Sport

Can eSports fill the gap left by live football?

Source: Marco Verch (via Flickr)

by Olly Allen

With no live football for the foreseeable future, supporters are being forced to find other ways of getting their fix of the sport – from the toilet roll challenge to re-runs of Premier League Years

This unexpected break in play could also provide an opportunity for the eSports community to boom, as FIFA 20 provides the perfect respite to self-isolation. 

The ‘sport’ has gone from strength to strength in recent years, with the best players in the world able to turn professional and earn significant sums of money from their gaming exploits, whilst BT Sport have broadcast the Gfinity Elite Series and Ultimate Team Championships in the past. 

Last week, Cardiff City launched their official FIFA eSports team, which is set to compete in Virtual Pro Gaming’s 11 v 11 Pro Clubs league on PS4 in the next few weeks. They are just the latest professional football club to move into the virtual world, following in the footsteps of the likes of Manchester City, PSG and AC Milan. 

Meanwhile, Welsh international superstar Gareth Bale started his own eSports organisation in February called Ellevens Esports, and they finished as runners-up in the fourth annual FIFA eClub World Cup later that month. The club have recruited players from as close to home as Newport and as far away as Brazil, and are also set to compete in other games such as Counter-Strike: Global Offensive, Fortnite and Rocket League.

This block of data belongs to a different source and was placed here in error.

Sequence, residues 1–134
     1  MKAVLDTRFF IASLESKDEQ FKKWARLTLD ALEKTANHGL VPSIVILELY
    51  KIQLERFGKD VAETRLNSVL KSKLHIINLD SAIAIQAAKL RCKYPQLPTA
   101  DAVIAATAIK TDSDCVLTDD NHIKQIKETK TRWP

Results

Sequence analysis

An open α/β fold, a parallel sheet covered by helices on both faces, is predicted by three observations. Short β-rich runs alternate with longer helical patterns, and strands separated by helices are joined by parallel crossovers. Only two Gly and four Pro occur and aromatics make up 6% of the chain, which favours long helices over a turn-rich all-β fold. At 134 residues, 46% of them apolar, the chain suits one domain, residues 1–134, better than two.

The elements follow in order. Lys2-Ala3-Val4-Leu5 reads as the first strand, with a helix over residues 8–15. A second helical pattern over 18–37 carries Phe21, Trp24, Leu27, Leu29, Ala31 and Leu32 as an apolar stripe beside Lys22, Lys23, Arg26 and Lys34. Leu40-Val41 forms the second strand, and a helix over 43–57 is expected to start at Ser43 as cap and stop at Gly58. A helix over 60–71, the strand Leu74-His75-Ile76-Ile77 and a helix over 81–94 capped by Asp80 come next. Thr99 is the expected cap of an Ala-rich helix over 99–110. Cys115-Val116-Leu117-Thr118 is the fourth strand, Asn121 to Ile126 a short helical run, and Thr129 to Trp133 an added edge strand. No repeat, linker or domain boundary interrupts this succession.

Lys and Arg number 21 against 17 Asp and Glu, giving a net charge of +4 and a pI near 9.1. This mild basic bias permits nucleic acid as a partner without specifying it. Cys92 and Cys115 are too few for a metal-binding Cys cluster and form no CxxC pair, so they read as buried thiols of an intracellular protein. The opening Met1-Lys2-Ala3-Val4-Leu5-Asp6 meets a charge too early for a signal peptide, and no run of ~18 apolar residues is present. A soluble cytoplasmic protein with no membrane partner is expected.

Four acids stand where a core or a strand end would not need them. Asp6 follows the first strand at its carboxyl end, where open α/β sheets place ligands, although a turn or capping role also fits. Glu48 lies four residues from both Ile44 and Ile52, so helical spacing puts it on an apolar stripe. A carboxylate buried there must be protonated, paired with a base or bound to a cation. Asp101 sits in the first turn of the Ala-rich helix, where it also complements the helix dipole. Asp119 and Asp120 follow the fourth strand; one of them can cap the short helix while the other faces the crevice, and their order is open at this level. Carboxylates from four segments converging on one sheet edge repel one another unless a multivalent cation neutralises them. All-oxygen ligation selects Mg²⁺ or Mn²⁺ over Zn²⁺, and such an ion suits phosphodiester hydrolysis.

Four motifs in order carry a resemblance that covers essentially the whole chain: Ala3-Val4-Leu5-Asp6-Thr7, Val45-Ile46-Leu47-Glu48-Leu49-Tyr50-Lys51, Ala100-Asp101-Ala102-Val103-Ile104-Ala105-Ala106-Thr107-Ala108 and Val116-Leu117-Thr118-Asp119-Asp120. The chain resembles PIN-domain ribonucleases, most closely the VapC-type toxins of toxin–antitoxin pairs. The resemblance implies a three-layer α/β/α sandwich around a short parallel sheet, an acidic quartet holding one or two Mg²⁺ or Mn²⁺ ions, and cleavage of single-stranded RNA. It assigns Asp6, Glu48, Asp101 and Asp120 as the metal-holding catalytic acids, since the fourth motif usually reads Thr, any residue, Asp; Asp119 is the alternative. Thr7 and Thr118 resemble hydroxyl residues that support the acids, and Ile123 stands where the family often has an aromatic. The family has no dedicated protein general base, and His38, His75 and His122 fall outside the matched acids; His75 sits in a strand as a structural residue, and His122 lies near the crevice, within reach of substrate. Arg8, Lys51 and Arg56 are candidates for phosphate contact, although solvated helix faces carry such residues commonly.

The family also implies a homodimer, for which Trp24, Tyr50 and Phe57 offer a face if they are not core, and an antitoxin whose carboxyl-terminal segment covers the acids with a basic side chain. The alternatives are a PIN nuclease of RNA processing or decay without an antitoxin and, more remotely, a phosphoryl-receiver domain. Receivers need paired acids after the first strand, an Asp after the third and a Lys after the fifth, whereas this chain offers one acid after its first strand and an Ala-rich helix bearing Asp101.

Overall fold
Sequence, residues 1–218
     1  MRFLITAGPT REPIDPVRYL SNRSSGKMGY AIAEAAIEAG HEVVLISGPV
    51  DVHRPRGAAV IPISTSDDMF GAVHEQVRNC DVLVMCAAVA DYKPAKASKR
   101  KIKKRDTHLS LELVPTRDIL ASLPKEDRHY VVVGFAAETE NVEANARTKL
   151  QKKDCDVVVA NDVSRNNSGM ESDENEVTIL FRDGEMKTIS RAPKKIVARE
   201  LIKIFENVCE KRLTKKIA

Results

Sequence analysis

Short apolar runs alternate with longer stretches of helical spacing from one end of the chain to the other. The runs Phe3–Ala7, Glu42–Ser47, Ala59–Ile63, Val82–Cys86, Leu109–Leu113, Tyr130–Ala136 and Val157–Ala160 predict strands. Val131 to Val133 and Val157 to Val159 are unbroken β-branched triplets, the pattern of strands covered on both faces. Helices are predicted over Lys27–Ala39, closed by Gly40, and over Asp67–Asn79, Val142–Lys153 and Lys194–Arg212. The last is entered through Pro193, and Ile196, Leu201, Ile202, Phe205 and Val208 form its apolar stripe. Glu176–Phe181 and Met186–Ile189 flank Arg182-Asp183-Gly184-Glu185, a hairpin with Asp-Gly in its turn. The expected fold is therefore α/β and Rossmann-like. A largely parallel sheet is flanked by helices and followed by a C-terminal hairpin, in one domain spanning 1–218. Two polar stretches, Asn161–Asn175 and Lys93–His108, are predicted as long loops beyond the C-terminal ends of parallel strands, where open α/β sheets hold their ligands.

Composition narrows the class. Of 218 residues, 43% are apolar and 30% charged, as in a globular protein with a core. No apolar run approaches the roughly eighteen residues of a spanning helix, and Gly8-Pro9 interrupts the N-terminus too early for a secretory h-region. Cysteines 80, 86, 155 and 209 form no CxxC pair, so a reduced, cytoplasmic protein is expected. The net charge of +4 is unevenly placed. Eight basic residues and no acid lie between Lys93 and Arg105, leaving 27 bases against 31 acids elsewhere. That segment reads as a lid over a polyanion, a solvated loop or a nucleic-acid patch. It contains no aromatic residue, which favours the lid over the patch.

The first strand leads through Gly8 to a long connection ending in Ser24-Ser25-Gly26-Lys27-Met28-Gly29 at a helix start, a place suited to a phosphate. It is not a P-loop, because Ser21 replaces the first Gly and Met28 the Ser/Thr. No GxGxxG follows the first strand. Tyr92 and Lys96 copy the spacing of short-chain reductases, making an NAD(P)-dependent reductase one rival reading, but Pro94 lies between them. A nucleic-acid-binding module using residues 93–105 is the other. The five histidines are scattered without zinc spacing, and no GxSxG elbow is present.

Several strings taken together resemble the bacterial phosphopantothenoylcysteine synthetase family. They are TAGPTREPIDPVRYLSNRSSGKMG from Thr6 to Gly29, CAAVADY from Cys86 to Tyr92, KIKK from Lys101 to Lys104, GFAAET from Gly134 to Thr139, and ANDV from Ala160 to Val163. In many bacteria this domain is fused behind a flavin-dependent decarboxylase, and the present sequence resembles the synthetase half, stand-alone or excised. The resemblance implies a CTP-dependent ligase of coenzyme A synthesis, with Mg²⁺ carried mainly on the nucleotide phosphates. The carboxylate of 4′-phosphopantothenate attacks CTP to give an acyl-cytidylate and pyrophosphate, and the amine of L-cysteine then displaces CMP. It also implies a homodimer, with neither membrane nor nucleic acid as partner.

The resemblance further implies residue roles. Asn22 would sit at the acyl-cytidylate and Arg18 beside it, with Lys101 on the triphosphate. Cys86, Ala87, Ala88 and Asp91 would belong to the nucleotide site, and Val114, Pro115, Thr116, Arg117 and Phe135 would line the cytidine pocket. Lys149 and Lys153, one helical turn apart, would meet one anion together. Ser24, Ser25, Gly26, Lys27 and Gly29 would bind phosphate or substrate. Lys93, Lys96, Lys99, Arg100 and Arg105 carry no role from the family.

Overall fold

FIFA is already one of the most popular video games in the world – as of 2018, the series had sold over 260 million copies across the globe. Now is the chance for the streaming industry to really capitalise on this. 

In addition, football club media teams have been searching for ideas to fill the recent dearth of content – ranging from games of Connect Four to live-tweeting historic games from their team’s past. But perhaps the best idea has come courtesy of League Two side Leyton Orient, who have organised an 128-team FIFA tournament. 

Clubs from all over the world are represented – from Sligo Rovers in Ireland to Sydney FC in Australia. Wales’ only representative was Newport County, who were knocked out in the first round by Dutch side Fortuna Sittard. 

Some teams are taking it more seriously than others. Manchester City, Newcastle United and West Ham are all putting up their professional eSports players to take part, whilst Andros Townsend and Neal Maupay, more used to the shining lights of the Premier League, are competing for Crystal Palace and Brighton respectively. The tournament has raised around £28,000 for charity so far, with many matches being streamed online.  

Gair Rhydd have also hopped on the bandwagon, and are competing in the inaugural SPA FIFA Cup, competing against seven other student publications across the country. You can follow our progress on social media.

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